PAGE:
American economist Thomas Sowell once said that “there are no solutions, only trade-offs.” That is, dealing with a problem entails making a choice, and doing so entails forgoing the alternatives.
For example, damming a river to protect a town from seasonal flooding means accepting that a reservoir will form on other side of the dam. The reservoir – and all it may entail for its natural surroundings – is deemed preferable to the potential damage that yearly flooding would do to the town.
The good news is there are policy options that can be brought to bear on a painful housing crisis that is leaving Canadians exasperated, and rightly so. The bad news: we haven’t decided which options we’re willing to accept. At its heart, the crisis stems from a growing gap between housing demand and supply; many homes are needed, but too few are built. The Canadian Mortgage and Housing Corporation has estimated that we need to build 5.8 million homes nationwide by 2030 to restore some semblance of affordability; we are on track to build less than half of that. Closing this gap will require significant increases in investment, labour, materials or productivity – but more importantly, it will require political will.
We have three broad choices, each with their own trade-offs.
First, we can build our cities outward, accelerating the creation of new neighbourhoods at the edges of our communities. This has been Canada’s way for most of its history, but especially after the Second World War and the mass adoption of personal automobiles. Canada has also traditionally used its enormous land mass to build entirely new cities, including railroad and resource boom towns from Calgary to Dawson City. The trade-off: More land for homes means less land for everything else. Canadians who currently oppose the redesignation of farmland or other rural areas surrounding cities would need to accept more home building in these areas. In more remote regions targeted for development, the thorny issue of divvying up Crown land – which comprises the majority of Canada’s land mass – would inevitably emerge.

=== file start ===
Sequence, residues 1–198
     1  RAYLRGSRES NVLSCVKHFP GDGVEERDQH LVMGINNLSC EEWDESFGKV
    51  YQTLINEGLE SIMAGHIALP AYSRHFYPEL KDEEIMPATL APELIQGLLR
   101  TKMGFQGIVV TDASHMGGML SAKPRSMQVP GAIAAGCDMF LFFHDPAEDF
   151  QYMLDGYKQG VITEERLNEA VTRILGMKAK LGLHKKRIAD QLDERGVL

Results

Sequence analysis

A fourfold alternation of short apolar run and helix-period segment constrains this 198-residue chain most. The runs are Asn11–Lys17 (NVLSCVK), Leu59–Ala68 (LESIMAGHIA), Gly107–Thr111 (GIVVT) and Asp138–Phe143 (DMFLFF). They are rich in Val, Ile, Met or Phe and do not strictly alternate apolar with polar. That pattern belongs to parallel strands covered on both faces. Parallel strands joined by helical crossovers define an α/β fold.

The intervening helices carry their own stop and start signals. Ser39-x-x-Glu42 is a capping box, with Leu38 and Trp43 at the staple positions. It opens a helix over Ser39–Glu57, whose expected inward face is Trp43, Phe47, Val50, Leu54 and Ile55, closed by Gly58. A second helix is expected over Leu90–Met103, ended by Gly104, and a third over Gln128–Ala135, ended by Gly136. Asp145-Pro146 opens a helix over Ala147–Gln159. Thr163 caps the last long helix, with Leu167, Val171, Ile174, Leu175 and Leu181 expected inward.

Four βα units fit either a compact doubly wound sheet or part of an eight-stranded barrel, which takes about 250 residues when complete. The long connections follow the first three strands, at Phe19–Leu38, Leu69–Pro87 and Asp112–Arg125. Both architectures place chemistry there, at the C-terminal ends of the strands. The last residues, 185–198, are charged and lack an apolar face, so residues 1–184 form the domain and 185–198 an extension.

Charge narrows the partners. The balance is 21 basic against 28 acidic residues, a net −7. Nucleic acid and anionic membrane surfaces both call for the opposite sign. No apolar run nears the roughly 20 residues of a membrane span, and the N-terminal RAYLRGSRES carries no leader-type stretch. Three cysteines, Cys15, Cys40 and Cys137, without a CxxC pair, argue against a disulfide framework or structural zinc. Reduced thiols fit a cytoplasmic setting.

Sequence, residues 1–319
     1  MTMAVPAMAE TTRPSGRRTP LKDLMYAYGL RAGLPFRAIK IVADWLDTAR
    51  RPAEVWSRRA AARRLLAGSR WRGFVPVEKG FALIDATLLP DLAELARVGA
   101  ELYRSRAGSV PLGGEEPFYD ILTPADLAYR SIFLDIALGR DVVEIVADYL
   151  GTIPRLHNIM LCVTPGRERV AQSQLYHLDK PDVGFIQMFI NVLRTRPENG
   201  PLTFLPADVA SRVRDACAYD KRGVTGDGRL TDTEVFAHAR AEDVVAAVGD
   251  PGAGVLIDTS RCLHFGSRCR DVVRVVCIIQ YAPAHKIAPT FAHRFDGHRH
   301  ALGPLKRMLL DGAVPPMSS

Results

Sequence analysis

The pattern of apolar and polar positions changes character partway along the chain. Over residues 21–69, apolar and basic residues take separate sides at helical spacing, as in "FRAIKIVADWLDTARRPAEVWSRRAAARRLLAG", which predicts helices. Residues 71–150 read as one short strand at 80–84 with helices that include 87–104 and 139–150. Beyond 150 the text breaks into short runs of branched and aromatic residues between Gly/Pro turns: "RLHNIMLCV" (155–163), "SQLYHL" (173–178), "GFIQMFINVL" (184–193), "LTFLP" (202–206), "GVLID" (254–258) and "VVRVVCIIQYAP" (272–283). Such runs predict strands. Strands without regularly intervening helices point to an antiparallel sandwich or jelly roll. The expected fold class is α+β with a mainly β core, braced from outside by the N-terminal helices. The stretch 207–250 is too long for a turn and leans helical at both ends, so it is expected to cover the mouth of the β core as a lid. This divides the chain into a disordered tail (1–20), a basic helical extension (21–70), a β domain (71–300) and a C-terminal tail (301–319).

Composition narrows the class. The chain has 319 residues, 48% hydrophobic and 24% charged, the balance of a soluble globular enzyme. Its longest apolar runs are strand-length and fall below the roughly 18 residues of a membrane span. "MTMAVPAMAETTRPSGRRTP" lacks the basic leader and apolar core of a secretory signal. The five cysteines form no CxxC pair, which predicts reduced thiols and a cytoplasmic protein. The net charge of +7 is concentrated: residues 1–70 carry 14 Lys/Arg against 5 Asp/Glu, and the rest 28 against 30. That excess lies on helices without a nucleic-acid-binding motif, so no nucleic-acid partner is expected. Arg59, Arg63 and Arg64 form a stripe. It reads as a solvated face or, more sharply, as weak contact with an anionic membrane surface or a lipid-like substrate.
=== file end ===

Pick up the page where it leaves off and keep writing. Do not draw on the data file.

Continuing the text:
Second, we can grow upward and become denser by shoehorning additional homes into existing neighbourhoods. To an extent, we’re already doing this: more than half of home building between 2016 and 2021 occurred within existing urban areas, and recent government reforms (e.g. allowing the conversion of single-family homes to triplexes) signal an appetite for more, though Canada’s cities would need to at least triple the current densification rates to close the gap through this option alone.The trade-off: most neighbourhoods would change – perhaps drastically. Canadians in urban areas, for instance, would need to mentally divorce themselves from the notion of owning single-family detached homes with garages and yards, and accept that neighbourhoods can’t stay frozen in time. As famed urbanist and former Torontonian Jane Jacobs put it, “a city cannot be a work of art.”
Third, we can grow our population more slowly. Faced with an enormous gap between the number of homes Canada needs and the number built, we could simply shrink the need. Governments (thankfully) don’t control how many children Canadians have, but they do determine immigration policy and the number of permanent and non-permanent residents. Anyone broadly opposed to historic increases in home building at the urban fringes or within existing neighbourhoods, but who still wishes for affordability, also wants to reduce population growth, whether they know it or not. The trade-offs here are more complex. If the federal government reduces immigration levels, Canadians must accept new demographic realities and policy solutions aimed at significantly improving productivity to offset a slower-growing or perhaps even shrinking work force, which may change how and when Canadians retire, among other considerations. In short, this would require additional trade-offs in other avenues.